Beasley v. State


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Docket Number: 2009-KA-00650-COA
Linked Case(s): 2009-KA-00650-COA

Court of Appeals: Opinion Link
Opinion Date: 12-14-2010
Opinion Author: Maxwell, J.
Holding: Affirmed.

Additional Case Information: Topic: Touching child for lustful purposes & Sexual battery - Post-Miranda silence - Conduct of juror - Sufficiency of evidence
Judge(s) Concurring: King, C.J., Lee and Myers, P.JJ., Irving, Griffis, Barnes, Ishee, Roberts and Carlton, JJ.
Procedural History: Jury Trial
Nature of the Case: CRIMINAL - FELONY

Trial Court: Date of Trial Judgment: 07-30-2008
Appealed from: Jackson County Circuit Court
Judge: Kathy King Jackson
Disposition: CONVICTED OF COUNT I, TOUCHING A CHILD FOR LUSTFUL PURPOSES, AND SENTENCED TO TEN YEARS; AND COUNT II, SEXUAL BATTERY, AND SENTENCED TO TWENTY-FIVE YEARS, WITH THE SENTENCES TO RUN CONSECUTIVELY IN THE CUSTODY OF THE MISSISSIPPI DEPARTMENT OF CORRECTIONS, AND TO PAY A $5,000 FINE ON EACH COUNT FOR A TOTAL OF $10,000
District Attorney: ANTHONY N. LAWRENCE III
Case Number: 2006-10,926(2)

  Party Name: Attorney Name:  
Appellant: J. Irvin Beasley
PHILLIP BROADHEAD, LESLIE S. LEE
 

Appellee: State of Mississippi OFFICE OF THE ATTORNEY GENERAL: LAURA HOGAN TEDDER  

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Topic: Touching child for lustful purposes & Sexual battery - Post-Miranda silence - Conduct of juror - Sufficiency of evidence

Summary of the Facts: Irvin Beasley was convicted of touching a child for lustful purposes and sexual battery and was sentenced to ten years on the fondling charge and twenty-five years on the sexual-battery charge. He appeals.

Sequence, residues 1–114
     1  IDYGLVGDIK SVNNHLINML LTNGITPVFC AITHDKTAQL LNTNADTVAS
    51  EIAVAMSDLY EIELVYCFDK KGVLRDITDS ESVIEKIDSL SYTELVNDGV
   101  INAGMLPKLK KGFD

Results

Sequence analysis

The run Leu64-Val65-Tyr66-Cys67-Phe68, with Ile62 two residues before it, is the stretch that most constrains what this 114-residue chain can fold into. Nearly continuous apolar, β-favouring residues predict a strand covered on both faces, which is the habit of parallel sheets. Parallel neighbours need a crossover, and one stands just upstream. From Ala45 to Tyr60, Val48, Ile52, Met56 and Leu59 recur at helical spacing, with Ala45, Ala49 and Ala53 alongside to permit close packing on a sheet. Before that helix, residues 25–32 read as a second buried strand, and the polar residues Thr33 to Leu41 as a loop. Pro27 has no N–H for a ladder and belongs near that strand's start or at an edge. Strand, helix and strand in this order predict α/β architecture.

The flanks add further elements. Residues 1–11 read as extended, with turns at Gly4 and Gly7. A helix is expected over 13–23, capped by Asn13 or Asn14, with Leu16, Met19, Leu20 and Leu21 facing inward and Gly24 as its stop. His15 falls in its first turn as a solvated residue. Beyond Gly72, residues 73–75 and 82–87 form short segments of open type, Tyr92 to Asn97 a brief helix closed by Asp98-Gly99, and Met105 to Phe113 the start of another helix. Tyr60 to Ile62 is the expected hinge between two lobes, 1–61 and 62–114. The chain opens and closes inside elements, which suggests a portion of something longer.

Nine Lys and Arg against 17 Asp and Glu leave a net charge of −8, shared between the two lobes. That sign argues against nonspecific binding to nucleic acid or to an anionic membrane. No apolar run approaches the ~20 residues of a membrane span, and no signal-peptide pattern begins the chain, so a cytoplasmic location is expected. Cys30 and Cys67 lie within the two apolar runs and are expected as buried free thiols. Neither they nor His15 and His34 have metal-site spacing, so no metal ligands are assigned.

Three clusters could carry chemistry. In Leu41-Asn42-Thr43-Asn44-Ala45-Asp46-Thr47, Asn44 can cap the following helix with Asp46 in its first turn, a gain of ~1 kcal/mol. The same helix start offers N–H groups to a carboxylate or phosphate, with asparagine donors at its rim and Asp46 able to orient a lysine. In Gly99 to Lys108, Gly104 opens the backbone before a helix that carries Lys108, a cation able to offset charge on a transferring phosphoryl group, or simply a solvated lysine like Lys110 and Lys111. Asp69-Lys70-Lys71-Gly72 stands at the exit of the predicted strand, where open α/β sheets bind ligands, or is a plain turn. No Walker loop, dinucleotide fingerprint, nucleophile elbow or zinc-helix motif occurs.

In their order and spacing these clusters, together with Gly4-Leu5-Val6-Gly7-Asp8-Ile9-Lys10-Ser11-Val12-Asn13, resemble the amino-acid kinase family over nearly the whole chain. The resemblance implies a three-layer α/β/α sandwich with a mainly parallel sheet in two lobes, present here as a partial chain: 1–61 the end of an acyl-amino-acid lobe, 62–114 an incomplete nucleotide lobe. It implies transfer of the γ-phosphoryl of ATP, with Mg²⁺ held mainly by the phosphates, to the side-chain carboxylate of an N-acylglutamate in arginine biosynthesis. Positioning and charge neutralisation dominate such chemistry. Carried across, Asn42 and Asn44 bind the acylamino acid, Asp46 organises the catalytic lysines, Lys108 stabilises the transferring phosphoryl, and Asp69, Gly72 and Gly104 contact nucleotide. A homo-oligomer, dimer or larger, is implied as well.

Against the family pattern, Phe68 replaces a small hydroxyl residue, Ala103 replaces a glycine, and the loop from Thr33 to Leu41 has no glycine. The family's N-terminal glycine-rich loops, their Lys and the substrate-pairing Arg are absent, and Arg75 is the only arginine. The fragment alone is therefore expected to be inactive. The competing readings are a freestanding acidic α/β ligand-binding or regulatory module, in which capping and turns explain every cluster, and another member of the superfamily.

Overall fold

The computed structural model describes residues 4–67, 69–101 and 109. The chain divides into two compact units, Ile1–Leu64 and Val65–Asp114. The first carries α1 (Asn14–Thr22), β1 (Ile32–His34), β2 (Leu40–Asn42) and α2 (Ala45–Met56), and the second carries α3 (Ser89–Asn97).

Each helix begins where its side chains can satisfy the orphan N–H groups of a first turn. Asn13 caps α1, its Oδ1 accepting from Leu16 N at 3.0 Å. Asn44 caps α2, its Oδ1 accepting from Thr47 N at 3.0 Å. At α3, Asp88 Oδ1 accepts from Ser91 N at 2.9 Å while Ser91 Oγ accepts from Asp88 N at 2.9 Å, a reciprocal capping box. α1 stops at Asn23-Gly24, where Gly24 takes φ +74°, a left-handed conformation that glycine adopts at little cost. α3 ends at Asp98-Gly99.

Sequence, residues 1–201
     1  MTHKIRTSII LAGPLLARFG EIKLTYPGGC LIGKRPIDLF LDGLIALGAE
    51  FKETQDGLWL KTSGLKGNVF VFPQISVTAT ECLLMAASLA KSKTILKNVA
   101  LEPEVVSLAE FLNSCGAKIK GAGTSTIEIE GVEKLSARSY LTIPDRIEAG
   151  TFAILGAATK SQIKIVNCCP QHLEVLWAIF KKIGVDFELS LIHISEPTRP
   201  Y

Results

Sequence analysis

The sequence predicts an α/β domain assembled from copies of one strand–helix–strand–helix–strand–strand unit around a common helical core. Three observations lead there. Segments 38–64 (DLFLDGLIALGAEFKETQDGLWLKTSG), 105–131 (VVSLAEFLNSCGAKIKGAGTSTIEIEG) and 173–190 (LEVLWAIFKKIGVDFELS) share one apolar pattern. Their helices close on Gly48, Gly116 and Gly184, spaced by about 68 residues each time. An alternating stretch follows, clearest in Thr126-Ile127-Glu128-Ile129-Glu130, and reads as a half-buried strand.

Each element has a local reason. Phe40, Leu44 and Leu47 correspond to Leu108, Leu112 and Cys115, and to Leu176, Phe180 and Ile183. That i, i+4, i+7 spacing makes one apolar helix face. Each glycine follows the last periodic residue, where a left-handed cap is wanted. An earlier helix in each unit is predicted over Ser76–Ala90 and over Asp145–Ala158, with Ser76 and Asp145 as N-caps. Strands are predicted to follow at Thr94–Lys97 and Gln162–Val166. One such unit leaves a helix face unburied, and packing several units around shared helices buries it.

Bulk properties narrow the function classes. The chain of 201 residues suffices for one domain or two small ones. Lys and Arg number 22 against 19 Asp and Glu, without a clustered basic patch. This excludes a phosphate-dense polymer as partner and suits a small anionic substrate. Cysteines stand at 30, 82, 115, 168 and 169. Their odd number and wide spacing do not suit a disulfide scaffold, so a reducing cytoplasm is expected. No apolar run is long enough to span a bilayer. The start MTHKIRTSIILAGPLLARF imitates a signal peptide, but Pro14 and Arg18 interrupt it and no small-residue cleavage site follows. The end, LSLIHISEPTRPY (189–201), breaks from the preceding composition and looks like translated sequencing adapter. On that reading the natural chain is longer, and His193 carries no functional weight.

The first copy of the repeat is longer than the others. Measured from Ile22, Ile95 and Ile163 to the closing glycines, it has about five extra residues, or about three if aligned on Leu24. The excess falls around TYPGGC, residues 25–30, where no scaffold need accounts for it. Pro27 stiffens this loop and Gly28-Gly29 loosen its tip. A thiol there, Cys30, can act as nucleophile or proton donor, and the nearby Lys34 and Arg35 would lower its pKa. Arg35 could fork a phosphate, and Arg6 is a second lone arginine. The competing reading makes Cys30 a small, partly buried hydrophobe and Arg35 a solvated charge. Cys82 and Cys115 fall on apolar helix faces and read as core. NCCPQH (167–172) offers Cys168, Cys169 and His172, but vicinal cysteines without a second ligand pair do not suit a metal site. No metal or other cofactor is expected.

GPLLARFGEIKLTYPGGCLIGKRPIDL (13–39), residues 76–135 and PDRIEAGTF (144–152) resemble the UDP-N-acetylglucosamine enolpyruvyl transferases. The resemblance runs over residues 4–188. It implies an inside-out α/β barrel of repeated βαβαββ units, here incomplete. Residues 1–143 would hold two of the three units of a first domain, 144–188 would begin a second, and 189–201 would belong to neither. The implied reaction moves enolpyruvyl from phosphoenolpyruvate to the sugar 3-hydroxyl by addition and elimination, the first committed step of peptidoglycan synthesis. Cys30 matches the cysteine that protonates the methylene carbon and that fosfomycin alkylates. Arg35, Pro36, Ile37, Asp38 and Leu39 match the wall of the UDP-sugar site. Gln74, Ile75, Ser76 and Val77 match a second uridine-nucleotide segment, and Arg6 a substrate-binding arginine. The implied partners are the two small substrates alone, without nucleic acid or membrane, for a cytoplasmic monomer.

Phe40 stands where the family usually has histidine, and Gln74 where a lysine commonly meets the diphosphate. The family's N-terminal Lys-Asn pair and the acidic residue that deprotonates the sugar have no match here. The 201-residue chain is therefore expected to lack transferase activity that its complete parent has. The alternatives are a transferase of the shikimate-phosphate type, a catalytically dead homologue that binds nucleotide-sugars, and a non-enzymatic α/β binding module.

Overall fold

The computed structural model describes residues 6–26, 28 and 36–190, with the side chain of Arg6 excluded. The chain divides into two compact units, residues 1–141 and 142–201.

Summary of Opinion Analysis: Issue 1: Post-Miranda silence Beasley argues the circuit court erred in denying his requests for a mistrial after the State impermissibly commented on his post-Miranda silence. The complained of comments, which occurred first during the State’s opening statement and later during an officer’s testimony, referred to Beasley’s initial refusal to speak to law enforcement before he decided to provide an inculpatory statement admitting he fondled the victim. Mississippi courts have not specifically addressed whether a prosecutor or government agent’s comments about a suspect’s initial post-Miranda refusal to speak amount to due process violations where the defendant ultimately gives an inculpatory statement. However, federal courts have held that certain “atypical” situations permit the admission of such evidence depending on either: the context of the refusal or whether the voluntariness of a later statement is contested. In considering the context of the State’s comments here, the prosecutor’s statement and the officer’s testimony about Beasley’s prior refusal to speak was simply a recitation of the facts concerning a preceding interview. Given the officer’s testimony about Beasley’s later confession, Beasley was not prejudiced by comments about his earlier refusal to speak. Though Beasley does not raise the admission of his inculpatory statement as error on appeal, his defense at trial was partially based on alleged threats and coercion surrounding his statement to police. Thus, he placed the voluntariness of his inculpatory statement at issue. Because initially exercising the right to remain silent may refute the inference that a later statement was involuntary, the circuit court did not err in refusing to grant Beasley’s requests for a mistrial. Issue 2: Conduct of juror Beasley argues that the conduct of a member of the jury panel engendered bias and prejudice against him from the outset of the trial. During voir dire, the trial judge informed the jury panel that Beasley was charged with fondling and sexual battery of a child. The judge asked panel members if, knowing the nature of the case, they could be fair and impartial. Juror 28 responded that she could not. At some point, she allegedly became emotional and started crying. The judge later struck Juror 28 for cause. Beasley argues that the judge should have immediately ordered Juror 28 to exit the courtroom. He also argues that following the alleged display, the judge should have given a curative instruction to limit the effect of Juror 28’s actions. Beasley also argues the judge should have specifically inquired into the ability of the potential jurors to disregard her alleged disruption and should have granted his motion to strike the jury panel. To obtain reversal based on a trial court’s refusal to quash a jury panel or grant a mistrial, the defendant must show prejudice. The trial court struck panel members who stated they could not be fair and impartial. It also directly questioned those who remained on the panel about their ability to be fair and impartial. No juror indicated any prejudice or bias. Because Beasley fails to show any resulting prejudice, the trial court did not abuse its discretion in refusing to strike the venire or grant a mistrial. Issue 3: Sufficiency of evidence Beasley argues his sexual-battery conviction is not supported by sufficient evidence or the weight of the evidence. The only witness to testify directly regarding sexual penetration was the victim. Beasley asserts that the victim’s “vague,” “inconclusive,” and “uncorroborated” testimony is inadequate to support a guilty verdict on the sexual-battery charge. But even uncorroborated testimony of a sex-crime victim is legally sufficient to support a conviction. The victim’s illustrations and related testimony were neither vague nor inconclusive. When considered in the light most favorable to the State and in concert with the victim’s testimony that Beasley had shown him a film of “grown up” men doing the “same thing” that Beasley did to him, the evidence quite sufficient to sustain a conviction based on fellatio-based sexual battery.


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